cases-confirmed-investigatedFrom January 2015 to December 2015, 16,434 cases of Malaria were detected and treated at 11 health facilities in Rubavu District. Among these cases, 2,917(17.8%) index cases were investigated and 4,943 individuals (between 1 and 2 contacts for each index case) living in proximity of index cases were tested using rapid diagnostic tests by health care providers. Of these, 508 (10.3%) tested positive for malaria and were treated according to national guidelines.

These data shows that the number of investigated cases is still lower than the national guidelines of screening 5 individuals residing between 100 to 500 meters of every confirmed case. This low rate could be due to the increase of malaria cases in Rwanda which has placed a burden on health care providers and health facilities in areas like Rubavu which used to be low endemic malaria areas. Additionally, data gathered through supervision activities has indicated a need for additional training on screening investigations in order to adhere to national guidelines and conduct the investigations more efficiently.

Active case investigation could be improved by training and involving more health care providers such as community health workers who could reduce the burden on health center staff. The additional support for case investigation activities and improved training can help to achieve higher coverage of individuals located near index cases.

A Pilot to Use Malaria RDTs at the Community Level in Burkina Faso

A poster entitled “The Improving Malaria Care (IMC) Project’s Contribution to follow up a Pilot to Use Rapid Diagnostic Tests (RDTs) at the Community Level in Burkina Faso” was presented by members of Jhpiego’s Burkina Faso Team: Ousmane Badolo, Stanislas P. Nebie, Moumouni Bonkoungou, Mathurin Dodo, Rachel Waxman, Danielle Burke, William Brieger at the 65th annual meeting of the American Society of Tropical Medicine and Hygiene in Atlanta. The abstract follows …

CHWs provide malaria testing, treatment and health education

CHWs provide malaria testing, treatment and health education

Early and correct case management of malaria in health facilities and at the community level is among the priorities of Burkina Faso’s National Malaria Control Program (NMCP). In line with this initiative, the NMCP piloted use of Rapid Diagnostic Tests (RDTs) by Community Health Workers (CHWs) to confirm malaria cases in the three health districts of Kaya, Saponé and Nouna between 2013 and 2015. With PMI support, follow-up visits were organized to document best practices, as well as challenges, on RDT use by CHWs that could serve as lessons learned for scale-up.

During follow-up visits, malaria commodities management (supply, storage and use) at the community level was examined, use of RDTs was assessed, and implementation at the community stockoutlevel was discussed with all actors at regional, district, health facilities, and community levels. The team examined the monitoring/supervision processes at all levels, used a check list on malaria commodities management, and employed a questionnaire for each type of actor. Both qualitative and quantitative data have been collected. A total of 108 persons were contacted including 32 CHWs, 42 community leaders and 34 health care providers and managers.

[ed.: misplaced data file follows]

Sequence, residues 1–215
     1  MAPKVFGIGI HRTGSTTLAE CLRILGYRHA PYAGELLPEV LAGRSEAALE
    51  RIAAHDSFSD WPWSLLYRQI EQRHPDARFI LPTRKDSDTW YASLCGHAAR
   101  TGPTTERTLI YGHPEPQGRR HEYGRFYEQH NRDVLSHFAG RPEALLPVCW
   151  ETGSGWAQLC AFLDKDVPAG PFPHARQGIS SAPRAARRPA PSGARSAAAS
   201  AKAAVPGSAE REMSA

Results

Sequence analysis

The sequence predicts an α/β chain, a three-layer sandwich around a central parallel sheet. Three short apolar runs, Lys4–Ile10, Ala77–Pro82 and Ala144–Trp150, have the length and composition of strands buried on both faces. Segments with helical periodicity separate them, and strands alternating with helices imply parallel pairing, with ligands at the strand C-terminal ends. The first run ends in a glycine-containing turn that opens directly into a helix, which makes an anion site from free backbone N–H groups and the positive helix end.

chw-drug-kitFindings revealed frequent stock-outs of RDTs and artemisinin-based combination therapies, non-payment of stipends to CHWs (a demotivator) and insufficient supervision of CHW by health teams. From the community perspective, 66% of community leaders were satisfied with their CHW’s work (diagnosis and treatment of uncomplicated malaria concernsand referral of severe cases to health facilities). However, 46% of community leaders complained of frequent stock-outs and unanimously agreed on the importance of regular payment of premiums to CHW.

Follow up of the pilot was valuable in obtaining community, CHW and health worker perspectives for improving the program. While the community finds the program acceptable, its sustainability will require that solutions be found for stock-outs, non-payment, and insufficient supervision before scale up takes place.

Urine Rapid Diagnostic Test for Malaria: Results Published

Results of testing the innovative Urine Rapid Diagnostic Test for Malaria developed by Fyodor Biotech have been published in the Journal of Clinical Microbiology. Authors from multiple collaborating institutions include Wellington A. Oyibo, Nnenna Ezeigwe, Godwin Ntadom, Oladipo O. Oladosu, Kaitlin Rainwater, Wendy O’Meara, Evaezi Okpokoro, and William Brieger. The abstract appears below.

fydor_0 Background: The need to expand malaria diagnosis alongside policy requirements for mandatory testing before treatment motivates exploration of non-invasive rapid diagnostic tests (RDTs). We report the outcome of the first cross-sectional, single-blind clinical performance evaluation of a Urine Malaria Test (UMT) for Plasmodium falciparum (Pf) malaria diagnosis in febrile patients.

Methods: Matched urine and fingerprick blood from participants ?2 years with fever (axillary temperature ?37.5°C) or history of fever in the preceding 48 hours were tested with UMT and microscopy (as gold standard). BinaxNOW® (Pf/Pan) blood RDT was done to assess relative performance. Urinalysis and Rheumatoid Factor (RF) tests were conducted to evaluate possible interference. Diagnostic performance characteristics were computed at 95% CI.